These limitations shouldn't be a	problem	in practice, since practically
       all .lzma files have been compressed with settings  that	 liblzma  will

   Trailing garbage
       When  decompressing,  LZMA  Utils  silently ignore everything after the
       first .lzma stream.  In most situations,	this  is  a  bug.   This  also
       means  that  LZMA  Utils	don't support decompressing concatenated .lzma

       If there	is data	left after the first .lzma stream,  xz	considers  the
       file  to	 be  corrupt  unless --single-stream was used.	This may break
       obscure scripts which have assumed that trailing	garbage	is ignored.

   Compressed output may vary
       The exact compressed output produced from the same  uncompressed	 input
       file may	vary between XZ	Utils versions even if compression options are
       identical.  This	is because the encoder can be improved (faster or bet-
       ter  compression)  without  affecting  the file format.	The output can
       vary even between different builds of the same  XZ  Utils  version,  if
       different build options are used.

       The above means that once --rsyncable has been implemented, the result-
       ing files won't necessarily be rsyncable	unless both old	and new	 files
       have  been  compressed  with  the same xz version.  This	problem	can be
       fixed if	a part of the encoder implementation is	frozen to keep rsynca-
       ble output stable across	xz versions.

   Embedded .xz	decompressors
       Embedded	.xz decompressor implementations like XZ Embedded don't	neces-
       sarily support files created with integrity check types other than none
       and   crc32.    Since  the  default  is	--check=crc64,	you  must  use
       --check=none or --check=crc32 when creating files for embedded systems.

       Outside	embedded systems, all .xz format decompressors support all the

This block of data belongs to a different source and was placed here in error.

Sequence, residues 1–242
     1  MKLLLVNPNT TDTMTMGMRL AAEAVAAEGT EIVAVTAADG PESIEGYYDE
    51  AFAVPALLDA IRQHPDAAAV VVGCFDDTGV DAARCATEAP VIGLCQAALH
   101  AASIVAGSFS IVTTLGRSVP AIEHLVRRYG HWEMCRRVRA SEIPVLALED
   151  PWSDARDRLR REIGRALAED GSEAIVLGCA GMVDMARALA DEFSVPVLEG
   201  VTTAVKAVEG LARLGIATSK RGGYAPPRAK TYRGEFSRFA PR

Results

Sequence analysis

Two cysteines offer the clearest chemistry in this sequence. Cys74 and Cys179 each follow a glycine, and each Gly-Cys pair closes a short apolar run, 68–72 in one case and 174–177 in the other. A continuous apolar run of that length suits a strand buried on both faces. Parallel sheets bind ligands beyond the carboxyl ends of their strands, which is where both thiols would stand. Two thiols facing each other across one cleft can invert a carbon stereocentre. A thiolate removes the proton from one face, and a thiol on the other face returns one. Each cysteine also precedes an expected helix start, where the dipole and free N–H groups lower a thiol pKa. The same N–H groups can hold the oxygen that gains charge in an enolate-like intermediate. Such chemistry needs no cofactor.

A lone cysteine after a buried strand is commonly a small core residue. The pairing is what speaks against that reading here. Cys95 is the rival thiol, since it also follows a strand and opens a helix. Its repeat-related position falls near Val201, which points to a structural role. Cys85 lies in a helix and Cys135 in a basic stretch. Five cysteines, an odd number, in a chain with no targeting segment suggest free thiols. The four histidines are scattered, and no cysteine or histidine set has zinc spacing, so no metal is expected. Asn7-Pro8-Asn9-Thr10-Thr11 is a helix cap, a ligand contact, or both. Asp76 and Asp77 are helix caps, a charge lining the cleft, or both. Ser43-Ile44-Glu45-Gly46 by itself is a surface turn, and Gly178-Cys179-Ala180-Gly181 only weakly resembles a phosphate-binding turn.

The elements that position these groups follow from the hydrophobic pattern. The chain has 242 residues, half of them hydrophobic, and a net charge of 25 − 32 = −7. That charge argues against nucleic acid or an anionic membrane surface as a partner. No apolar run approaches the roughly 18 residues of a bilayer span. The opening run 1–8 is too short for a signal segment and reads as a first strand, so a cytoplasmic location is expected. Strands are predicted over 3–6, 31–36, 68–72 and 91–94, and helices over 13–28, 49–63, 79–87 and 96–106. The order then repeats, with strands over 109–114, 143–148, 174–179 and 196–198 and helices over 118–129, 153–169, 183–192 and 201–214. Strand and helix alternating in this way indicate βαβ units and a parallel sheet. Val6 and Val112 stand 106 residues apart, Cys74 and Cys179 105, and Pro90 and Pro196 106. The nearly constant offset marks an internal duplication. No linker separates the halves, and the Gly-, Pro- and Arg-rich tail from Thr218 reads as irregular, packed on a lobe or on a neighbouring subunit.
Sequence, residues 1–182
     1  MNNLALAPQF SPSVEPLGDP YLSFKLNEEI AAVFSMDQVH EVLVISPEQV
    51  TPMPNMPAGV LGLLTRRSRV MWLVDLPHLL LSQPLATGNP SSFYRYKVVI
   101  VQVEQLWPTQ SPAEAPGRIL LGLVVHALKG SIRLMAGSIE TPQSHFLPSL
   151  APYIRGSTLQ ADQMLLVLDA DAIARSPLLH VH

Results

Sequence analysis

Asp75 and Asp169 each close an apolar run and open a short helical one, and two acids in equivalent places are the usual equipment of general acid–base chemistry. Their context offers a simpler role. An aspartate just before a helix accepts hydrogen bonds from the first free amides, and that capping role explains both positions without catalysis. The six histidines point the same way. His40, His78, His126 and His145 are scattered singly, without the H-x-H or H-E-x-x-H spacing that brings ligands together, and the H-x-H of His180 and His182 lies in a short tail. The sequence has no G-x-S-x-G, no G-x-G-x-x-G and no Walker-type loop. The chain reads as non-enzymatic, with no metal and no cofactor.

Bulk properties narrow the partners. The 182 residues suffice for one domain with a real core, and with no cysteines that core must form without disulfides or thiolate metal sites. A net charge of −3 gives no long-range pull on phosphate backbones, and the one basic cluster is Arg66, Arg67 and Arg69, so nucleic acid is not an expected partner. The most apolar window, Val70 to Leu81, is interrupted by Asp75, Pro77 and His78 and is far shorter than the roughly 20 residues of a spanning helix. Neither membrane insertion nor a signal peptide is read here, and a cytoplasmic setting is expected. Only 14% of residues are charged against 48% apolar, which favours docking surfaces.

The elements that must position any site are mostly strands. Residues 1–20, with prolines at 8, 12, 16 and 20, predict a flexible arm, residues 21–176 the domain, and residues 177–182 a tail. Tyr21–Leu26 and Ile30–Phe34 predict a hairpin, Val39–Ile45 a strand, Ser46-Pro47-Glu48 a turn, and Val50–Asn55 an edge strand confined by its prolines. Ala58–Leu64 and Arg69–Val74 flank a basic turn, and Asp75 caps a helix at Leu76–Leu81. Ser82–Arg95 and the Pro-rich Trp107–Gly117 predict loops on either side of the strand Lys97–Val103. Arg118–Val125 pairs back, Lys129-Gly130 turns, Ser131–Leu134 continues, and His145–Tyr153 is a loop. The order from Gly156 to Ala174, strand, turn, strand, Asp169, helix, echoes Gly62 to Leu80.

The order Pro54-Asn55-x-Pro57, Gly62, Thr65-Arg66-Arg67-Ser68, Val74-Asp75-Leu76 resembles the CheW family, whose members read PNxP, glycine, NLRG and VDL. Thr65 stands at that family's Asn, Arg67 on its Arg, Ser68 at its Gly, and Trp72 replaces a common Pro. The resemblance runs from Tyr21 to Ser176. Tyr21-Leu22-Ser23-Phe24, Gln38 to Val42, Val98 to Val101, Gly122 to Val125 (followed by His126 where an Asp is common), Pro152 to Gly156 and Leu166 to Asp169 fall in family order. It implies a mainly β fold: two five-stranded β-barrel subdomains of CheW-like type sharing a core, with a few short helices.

check types, or at least	are able to decompress the file	without	 veri-
       fying the integrity check if the	particular check is not	supported.

       XZ  Embedded supports BCJ filters, but only with	the default start off-

       Compress	the file foo into foo.xz using the default  compression	 level
       (-6), and remove	foo if compression is successful:

	      xz foo

       Decompress  bar.xz  into	bar and	don't remove bar.xz even if decompres-
       sion is successful:

	      xz -dk bar.xz

       Create baz.tar.xz with the preset -4e (-4 --extreme), which  is	slower
       than  e.g.  the	default	 -6, but needs less memory for compression and
       decompression (48 MiB and 5 MiB,	respectively):

	      tar cf - baz | xz	-4e > baz.tar.xz

       A mix of	compressed and uncompressed files can be decompressed to stan-
       dard output with	a single command:

	      xz -dcf a.txt b.txt.xz c.txt d.txt.lzma >	abcd.txt

   Parallel compression	of many	files
       On  GNU	and *BSD, find(1) and xargs(1) can be used to parallelize com-
       pression	of many	files:

	      find . -type f \!	-name '*.xz' -print0 \
		  | xargs -0r -P4 -n16 xz -T1

       The -P option to	xargs(1) sets the number  of  parallel	xz  processes.